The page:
Claudia Seise , Contributor , Yogyakarta Fri, 09/05/2008 11:30 AM Java Brew

Artists take part in a mural-painting competition at the Budi Mulia Dua elementary school in Yogya. (JP/Claudia Seise)
It was a big, exciting event: The Budi Mulia Dua elementary school in north Yogyakarta decided to organize a mural competition to decorate the 250-meter wall surrounding the school’s compound.
Compared to other schools in Yogyakarta and Indonesia, the school sits within an imposing building complex that is more like a college or university than an ordinary school.
Considering the school is a private institution supported by Amien Rais, a former presidential candidate and leading figure during the 1990s Reformation era, the possibilities offered to Yogyakarta’s artists to help decorate the school are not that surprising.
The theme for the competition was, “Save the World, Save the Ocean, Save our Forests!” — themes closely connected to current media issues and topics for international conferences, meetings and World Environment Day.
The school could not have chosen a better topic to be discussed by hundreds of creative people from around Yogyakarta.
Appeals to stop illegal logging in the country, to find a solution to the waste problem in many parts of Yogyakarta — where garbage is still thrown into waterways or burned, affecting air quality in the city — as well as a general call to stop trashing our planet, polluting our oceans and begin preserving our forests — all were present in the mural.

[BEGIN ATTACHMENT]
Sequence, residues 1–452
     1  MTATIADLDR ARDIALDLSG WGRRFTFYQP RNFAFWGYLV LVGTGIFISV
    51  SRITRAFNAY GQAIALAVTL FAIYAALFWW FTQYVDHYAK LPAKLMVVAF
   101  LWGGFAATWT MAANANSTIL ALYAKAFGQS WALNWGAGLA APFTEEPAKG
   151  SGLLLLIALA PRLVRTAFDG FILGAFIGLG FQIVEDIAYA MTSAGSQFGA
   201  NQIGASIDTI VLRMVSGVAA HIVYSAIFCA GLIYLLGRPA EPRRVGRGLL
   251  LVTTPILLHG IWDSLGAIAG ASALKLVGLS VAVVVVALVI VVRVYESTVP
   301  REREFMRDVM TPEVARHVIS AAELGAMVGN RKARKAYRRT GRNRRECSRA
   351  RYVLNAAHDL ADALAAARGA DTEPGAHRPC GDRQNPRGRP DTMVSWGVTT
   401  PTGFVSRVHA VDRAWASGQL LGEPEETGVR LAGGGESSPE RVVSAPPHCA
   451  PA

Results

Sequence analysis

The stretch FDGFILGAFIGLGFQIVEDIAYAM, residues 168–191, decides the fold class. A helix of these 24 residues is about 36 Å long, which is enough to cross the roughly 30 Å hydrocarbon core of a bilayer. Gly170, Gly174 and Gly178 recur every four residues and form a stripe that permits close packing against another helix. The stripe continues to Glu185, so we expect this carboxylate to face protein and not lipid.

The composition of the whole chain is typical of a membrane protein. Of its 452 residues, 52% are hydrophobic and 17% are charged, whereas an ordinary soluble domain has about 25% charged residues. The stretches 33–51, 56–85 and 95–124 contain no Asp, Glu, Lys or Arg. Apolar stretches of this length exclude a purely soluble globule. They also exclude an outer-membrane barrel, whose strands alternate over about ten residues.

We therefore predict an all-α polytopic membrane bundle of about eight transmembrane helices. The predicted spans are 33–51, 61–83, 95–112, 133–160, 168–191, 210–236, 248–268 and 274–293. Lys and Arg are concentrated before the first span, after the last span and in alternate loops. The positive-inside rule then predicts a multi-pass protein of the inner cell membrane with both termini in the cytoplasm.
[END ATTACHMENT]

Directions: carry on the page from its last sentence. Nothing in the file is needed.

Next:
One could see not so much a concern about global warming, often used to drum up fear in the international arena, but for one’s very environment and the future of generations to come.
“Try to create cleaner air, so that life becomes more enjoyable!”, “Try to plant more trees, so that people have more recreation!” and “Keep waterways clean, so that people and animals do not fall ill!” were slogans — maybe one could call them wishes — used in the piece.
The completed wall expressed a more local, collective cry for a cleaner and healthier environment. And one could see artists’ awareness that everybody has to do his or her little part for a healthier life, such as cleaning up after themselves.
In a way, the only thing missing was the idea of reducing the use of cars to decrease air pollution.
The idea of “bicycle days” that close down city centers to vehicle traffic, found in some major European cities, might be a good idea for vehicle-free days in Yogya.
Nevertheless, to see hundreds of mostly young people thinking about this issue and coming up with ideas for a painting is already a step toward raising awareness about individual responsibility for our environment.
On another level, environmental education continues with the students of Budi Mulia Dua elementary school themselves, who will enjoy the murals every day.
Hopefully, such a competition, and its ensuing permanent exhibition, will be part of an ongoing process to use creative approaches to address issues that affect everyone in the community.
In the end, challenging people’s creativity is probably more effective than a long speech delivered in front of an audience on the verge of sleep.
Interested readers who want to see the mural can visit the Budi Mulia Dua elementary school on Jl. Saturan in Sleman, Yogyakarta.